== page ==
Those hopes were not realised, but Diver settled into an eight-year period in which he was a regular No 3 or middle-order batsman with the Warwickshire side, which competed in the County Championship from the 1895 season. He was not always successful: in 1895, he played in only seven matches and averaged only 12 runs an innings, but later in the 1890s he was the county's leading batsman in some seasons. In 1896, he scored 998 runs at an average of 32.19, and the runs included his first Warwickshire century, an unbeaten innings of 112 made in the match against Essex. In this game he also kept wicket in the absence of the regular Warwickshire wicketkeeper, Dick Lilley, on Test match duty; he also on occasion kept wicket while Lilley's sometimes-effective bowling was used. His best season with the bat in terms of aggregate was 1899, when he scored more than 1000 runs in a season for the only time in his career: 1096 at an average of 29.62. This season produced his highest innings, a score of 184 made out of a total of just 276 on the first day of the match against Leicestershire; Diver had made 121 by lunchtime. It also saw a recall to representative cricket, with an appearance for the Players in the Gentlemen v Players match, though he contributed only seven runs to a total of 647, and selection for a Midland Counties XI against the Australians, when he again failed as a batsman.
The 1900 season was not successful for Diver. He scored just 421 runs in 19 matches for an average of 16.19, and passed 50 just twice. A report at the start of the 1901 season indicates that Diver appeared for practice with the Warwickshire team, though it also states that the County Club was in severe financial difficulties. In the event, Diver played in only one match, the away fixture with Surrey at The Oval, and that was the last game of his first-class career.
In November 1901, some explanation for Diver's stuttering end to his cricket career emerged in newspaper reports of a court case in Walsall in which the North Worcestershire Brewery Company petitioned the police court to be allowed to transfer the licence of the Priory Hotel, Walsall, from Diver to his wife, Alice, on account of the fact that Diver had disappeared. Mrs Diver is reported to have told the court that her husband left on 12 November and that "she had not the slightest idea that he was going away". A hotel guest had told her that Diver had been seen at Queenstown taking a ship for New York, but she had not heard from him since his disappearance. The licence was duly transferred temporarily to Mrs Diver, who was reported to have had "considerable experience in the trade"; the police insisted that Diver should not be allowed to hold the licence if he reappeared, and Mrs Diver said that she "would not allow her husband to live at or take part in the management of the house if he came back". A report in February 1902 noted that the transfer of the licence had been made permanent and that Diver's whereabouts were "still unknown".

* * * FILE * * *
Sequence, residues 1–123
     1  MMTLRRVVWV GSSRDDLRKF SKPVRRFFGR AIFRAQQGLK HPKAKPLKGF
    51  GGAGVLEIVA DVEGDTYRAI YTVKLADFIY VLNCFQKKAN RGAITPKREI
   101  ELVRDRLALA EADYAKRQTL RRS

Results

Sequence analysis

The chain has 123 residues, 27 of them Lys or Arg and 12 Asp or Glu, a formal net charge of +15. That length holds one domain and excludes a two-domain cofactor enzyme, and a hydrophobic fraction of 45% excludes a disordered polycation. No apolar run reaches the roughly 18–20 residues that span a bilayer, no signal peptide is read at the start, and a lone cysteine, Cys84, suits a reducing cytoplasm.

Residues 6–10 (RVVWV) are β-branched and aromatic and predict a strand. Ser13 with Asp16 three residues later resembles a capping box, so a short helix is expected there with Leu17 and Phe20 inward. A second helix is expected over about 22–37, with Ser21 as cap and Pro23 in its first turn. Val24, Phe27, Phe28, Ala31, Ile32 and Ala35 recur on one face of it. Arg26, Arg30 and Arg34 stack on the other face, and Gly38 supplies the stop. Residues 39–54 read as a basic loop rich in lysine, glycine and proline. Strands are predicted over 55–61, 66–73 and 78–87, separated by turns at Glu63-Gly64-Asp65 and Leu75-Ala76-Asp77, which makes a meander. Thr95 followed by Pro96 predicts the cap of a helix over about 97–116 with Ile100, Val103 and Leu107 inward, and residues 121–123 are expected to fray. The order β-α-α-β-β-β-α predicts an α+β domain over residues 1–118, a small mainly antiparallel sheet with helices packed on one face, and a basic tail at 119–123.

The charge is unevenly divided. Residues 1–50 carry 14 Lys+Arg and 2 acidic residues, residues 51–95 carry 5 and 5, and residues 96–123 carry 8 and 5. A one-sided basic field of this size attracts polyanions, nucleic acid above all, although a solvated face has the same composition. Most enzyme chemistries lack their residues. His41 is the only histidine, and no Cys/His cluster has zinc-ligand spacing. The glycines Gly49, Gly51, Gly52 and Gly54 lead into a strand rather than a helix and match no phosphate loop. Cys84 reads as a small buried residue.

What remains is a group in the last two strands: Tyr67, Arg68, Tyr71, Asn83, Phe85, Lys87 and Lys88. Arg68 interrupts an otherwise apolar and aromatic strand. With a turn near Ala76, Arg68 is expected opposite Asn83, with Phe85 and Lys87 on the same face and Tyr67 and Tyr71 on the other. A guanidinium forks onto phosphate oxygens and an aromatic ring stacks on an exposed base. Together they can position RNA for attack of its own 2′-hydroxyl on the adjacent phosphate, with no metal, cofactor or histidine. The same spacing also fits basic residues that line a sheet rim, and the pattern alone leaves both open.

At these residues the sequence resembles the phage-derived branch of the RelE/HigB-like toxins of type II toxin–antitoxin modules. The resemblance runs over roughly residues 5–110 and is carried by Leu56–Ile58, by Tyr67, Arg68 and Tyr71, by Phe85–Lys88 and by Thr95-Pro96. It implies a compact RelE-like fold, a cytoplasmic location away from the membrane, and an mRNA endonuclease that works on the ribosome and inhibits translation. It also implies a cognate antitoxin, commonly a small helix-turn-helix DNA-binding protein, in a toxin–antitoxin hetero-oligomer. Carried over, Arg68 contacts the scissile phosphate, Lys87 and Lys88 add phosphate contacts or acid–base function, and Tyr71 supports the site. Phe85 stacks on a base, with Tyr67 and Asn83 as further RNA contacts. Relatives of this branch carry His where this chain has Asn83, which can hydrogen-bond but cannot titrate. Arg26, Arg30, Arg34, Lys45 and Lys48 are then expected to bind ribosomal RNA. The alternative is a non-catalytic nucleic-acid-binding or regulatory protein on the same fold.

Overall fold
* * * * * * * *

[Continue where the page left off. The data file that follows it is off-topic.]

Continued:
Diver did not stay disappeared for long. He was formally not re-engaged by Warwickshire for the 1902 season but by August a local newspaper in his home town of Cambridge was reporting that he had been expected to turn out for Cambridgeshire in a fixture against the newly reformed Suffolk side, but had not played; he was described as "engaged at Hunstanton". In 1903, he was a professional at Newport, Gwent and averaged more than 50 runs per innings in topping the averages. He also played in a minor match for a Monmouthshire side, and continued then to play for the county when it joined the Minor Counties in 1905, right through to the First World War outbreak in 1914, acting as a middle-order batsman and frequently as wicketkeeper. He also played in South Wales sides from 1905 to 1907 that played minor matches against the touring teams from Australia, the West Indies and South Africa.
Diver's tangled personal life was tidied up in 1909; his wife, still manager of the Priory Hotel, Walsall, petitioned for divorce on the grounds of desertion and misconduct with a Mrs Ellen Williams, and was granted a decree nisi. Diver had not, she claimed, ever returned to Walsall and nor had he given her any financial support; Mrs Diver was granted custody of the surviving child of the marriage, a daughter, Norah.
Diver remained as a cricket professional and coach at Newport until he moved to Pontardawe, where he was found dead in bed from heart failure on 27 December 1924, aged 63.